Tashlich and Yom Kippur
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Editorial

Tashlich and Yom Kippur

Joanne Palmer

Tashlich is a ritual; like all rituals it has a symbolic meaning. You go to a body of water — the more it moves, the less stagnant it is, the better — and after you read verses about faith and renewal, you throw some of the crumbs of bread you’ve brought with you into the water.

There are of course many traditions about how to do tashlich and what it means; although it’s most frequently done of the first day of Rosh Hashanah it can be undertaken any time until the month of holidays is nearly over with Hoshanah Rabbah. The underlying symbolism is that you are casting your sins away, to be carried off by the rushing water. Often fish eat the bread, and sometimes ducks or geese gobble it as well. (That can lead not only to reverence but to jokes about what sin it might be that the fish or ducks or geese are eating. Someone at our lunch fantasized about the ducks getting ready for their annual feast. “I know I shouldn’t eat all that bread, but I can’t help it,” she imagined a duck saying. “It’s so tempting. Even though it goes straight to my thighs…” Yeah, you probably had to be there.)

There is another benefit to tashlich, though. It is the time when you get to see everybody.

We walked down to the Hudson on Monday afternoon. It was full of every sort of Jew imaginable, from men in black hats to women in jeans. There were lots of kids and quite a few dogs. Lots of strollers and many bicycles. There also were the occasionally non-Jews, identifiable because they looked so surprised.

It was a marvelous chance to see people you hadn’t seen in a very long time, not only because of covid but because of life. There seemed to be even larger crowds than usual, and it felt so entirely normal that it seemed almost odd.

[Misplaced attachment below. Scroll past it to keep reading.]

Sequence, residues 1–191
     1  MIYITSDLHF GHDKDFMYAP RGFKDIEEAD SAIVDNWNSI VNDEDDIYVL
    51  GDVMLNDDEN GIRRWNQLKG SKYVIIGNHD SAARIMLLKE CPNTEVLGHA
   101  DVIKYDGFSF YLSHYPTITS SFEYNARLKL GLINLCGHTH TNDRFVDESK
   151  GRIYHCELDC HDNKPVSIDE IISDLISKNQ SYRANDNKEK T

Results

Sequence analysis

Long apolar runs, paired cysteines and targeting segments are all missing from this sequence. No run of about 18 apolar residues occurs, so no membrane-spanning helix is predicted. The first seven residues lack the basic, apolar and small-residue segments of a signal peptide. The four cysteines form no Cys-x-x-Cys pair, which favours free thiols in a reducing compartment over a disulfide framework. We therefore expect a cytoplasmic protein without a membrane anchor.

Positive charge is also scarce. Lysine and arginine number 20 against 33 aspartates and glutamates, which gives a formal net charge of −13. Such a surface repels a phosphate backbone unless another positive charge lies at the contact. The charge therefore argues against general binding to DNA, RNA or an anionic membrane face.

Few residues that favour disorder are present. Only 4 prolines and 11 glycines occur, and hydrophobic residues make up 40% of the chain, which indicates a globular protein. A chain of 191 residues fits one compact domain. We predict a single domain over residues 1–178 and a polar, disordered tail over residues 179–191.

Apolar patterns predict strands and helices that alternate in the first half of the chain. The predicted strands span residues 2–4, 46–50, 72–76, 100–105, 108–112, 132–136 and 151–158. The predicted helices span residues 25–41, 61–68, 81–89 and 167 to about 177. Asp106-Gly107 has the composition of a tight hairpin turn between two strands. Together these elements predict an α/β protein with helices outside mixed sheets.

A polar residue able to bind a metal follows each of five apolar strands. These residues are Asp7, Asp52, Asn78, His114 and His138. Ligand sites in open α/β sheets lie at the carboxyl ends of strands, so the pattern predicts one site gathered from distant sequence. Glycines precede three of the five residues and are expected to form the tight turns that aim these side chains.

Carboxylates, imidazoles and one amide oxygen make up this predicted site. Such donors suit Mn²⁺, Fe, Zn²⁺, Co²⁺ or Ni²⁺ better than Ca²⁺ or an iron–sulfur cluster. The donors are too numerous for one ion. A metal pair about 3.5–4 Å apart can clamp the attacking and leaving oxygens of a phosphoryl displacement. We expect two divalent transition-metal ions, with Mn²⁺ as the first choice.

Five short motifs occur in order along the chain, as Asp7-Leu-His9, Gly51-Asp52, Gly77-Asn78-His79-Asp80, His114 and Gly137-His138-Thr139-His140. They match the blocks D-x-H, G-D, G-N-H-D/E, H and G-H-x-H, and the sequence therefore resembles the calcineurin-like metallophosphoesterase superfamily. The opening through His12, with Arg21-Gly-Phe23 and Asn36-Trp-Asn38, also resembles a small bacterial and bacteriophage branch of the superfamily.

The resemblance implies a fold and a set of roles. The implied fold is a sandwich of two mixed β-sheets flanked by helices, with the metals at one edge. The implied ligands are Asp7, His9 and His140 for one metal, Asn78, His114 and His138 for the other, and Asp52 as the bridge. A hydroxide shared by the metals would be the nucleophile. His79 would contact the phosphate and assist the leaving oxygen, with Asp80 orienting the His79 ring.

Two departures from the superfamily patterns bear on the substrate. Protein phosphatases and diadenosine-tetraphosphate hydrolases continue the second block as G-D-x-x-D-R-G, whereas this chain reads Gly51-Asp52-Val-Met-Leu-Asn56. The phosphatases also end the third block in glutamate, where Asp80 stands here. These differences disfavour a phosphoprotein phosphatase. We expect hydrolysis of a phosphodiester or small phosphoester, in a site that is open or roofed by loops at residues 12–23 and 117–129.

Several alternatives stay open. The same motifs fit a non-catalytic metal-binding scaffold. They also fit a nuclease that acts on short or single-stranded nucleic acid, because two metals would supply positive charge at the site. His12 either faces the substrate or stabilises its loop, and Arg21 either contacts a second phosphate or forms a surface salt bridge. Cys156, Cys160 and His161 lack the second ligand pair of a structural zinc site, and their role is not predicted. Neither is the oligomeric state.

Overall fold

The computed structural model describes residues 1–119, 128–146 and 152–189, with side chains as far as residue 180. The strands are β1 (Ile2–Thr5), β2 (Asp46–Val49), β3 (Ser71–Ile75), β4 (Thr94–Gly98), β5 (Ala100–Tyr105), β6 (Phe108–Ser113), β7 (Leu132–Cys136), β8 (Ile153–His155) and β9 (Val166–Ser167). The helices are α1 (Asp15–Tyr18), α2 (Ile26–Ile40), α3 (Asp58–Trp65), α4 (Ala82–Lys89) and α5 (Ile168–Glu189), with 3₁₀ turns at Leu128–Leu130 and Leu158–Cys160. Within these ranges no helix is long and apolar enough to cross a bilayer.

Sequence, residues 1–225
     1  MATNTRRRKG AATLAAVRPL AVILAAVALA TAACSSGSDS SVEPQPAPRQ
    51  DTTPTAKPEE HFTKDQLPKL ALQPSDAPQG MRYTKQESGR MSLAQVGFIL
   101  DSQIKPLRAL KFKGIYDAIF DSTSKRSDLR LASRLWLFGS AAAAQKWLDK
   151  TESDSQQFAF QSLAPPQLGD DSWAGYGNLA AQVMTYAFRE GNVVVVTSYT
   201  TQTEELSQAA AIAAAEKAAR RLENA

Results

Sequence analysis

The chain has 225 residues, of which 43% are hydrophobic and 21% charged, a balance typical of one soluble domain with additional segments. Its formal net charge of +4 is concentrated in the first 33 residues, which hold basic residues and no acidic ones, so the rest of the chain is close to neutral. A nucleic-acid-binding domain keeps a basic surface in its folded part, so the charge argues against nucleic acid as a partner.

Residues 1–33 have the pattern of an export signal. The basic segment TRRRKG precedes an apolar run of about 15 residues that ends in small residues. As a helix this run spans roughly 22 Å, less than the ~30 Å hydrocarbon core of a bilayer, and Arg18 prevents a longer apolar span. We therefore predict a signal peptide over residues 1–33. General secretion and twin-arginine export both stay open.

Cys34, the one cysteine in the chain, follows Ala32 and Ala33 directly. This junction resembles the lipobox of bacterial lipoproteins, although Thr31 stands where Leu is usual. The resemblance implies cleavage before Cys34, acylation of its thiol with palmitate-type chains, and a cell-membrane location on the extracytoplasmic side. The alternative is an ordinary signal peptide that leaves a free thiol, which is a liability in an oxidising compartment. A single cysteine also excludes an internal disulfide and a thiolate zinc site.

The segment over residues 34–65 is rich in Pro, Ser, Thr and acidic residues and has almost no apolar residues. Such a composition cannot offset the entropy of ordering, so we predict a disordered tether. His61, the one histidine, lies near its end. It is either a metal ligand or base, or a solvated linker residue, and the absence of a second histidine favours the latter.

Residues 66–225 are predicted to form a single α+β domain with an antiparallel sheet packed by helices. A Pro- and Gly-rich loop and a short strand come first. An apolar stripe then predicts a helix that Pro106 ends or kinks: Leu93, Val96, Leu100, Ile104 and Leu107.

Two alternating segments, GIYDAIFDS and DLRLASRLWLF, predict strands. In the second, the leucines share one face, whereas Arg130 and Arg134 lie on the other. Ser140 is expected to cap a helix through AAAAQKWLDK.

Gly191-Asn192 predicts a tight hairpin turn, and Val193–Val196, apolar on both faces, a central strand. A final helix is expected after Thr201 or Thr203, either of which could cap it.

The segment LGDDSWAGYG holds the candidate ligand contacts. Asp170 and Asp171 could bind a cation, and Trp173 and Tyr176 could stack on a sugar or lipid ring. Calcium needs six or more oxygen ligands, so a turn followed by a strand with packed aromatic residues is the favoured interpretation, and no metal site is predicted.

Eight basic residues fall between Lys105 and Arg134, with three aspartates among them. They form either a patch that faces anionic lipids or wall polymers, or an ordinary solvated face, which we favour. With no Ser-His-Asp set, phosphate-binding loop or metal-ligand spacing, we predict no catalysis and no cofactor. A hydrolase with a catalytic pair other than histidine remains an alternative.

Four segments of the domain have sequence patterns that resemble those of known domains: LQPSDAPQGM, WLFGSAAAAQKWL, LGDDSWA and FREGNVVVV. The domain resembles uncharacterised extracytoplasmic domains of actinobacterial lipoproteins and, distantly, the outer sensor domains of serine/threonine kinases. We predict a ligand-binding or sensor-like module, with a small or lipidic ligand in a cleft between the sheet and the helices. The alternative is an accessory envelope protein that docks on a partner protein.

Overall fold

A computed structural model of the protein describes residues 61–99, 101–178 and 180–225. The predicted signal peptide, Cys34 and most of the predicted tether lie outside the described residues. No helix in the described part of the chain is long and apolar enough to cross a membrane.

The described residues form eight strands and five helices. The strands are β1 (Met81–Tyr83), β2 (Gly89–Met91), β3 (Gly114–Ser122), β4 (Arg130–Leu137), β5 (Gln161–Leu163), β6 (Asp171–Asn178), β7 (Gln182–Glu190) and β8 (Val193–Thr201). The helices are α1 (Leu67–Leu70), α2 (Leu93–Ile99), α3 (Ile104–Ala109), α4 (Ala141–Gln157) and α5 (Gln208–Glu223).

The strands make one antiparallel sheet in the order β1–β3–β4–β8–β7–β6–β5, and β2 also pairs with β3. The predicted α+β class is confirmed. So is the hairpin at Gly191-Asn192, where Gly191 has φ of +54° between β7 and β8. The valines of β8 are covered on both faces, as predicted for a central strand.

We all were on the walkway closest to the river, the one you go through the various level of Riverside Park to reach. There are entrances to the walk every few blocks, and people were clumped close to them. That means that the stretches of walk between those entrances were far emptier, and that gave me the opportunity to stop and look at the river.

It was a perfect fall day. The light was golden. The river was darkish and choppy, and broke in little crested wavelets. The sun was setting, and it glittered across the river from the west. Up to the north, the George Washington Bridge’s graceful arches rose and fell. The Statue of Liberty is too far south and too tucked into New York Harbor to be visible, but you look at the river and know that’s where its waters — and the cast-away bread sins it was carrying — will go before they head out to sea.

So tashlich offered friendship, solidarity, and beauty, all in one gilded afternoon.

We hope that all our readers will have an easy and reflective and emotionally resonant fast. G’mar chatima tova.

—JP

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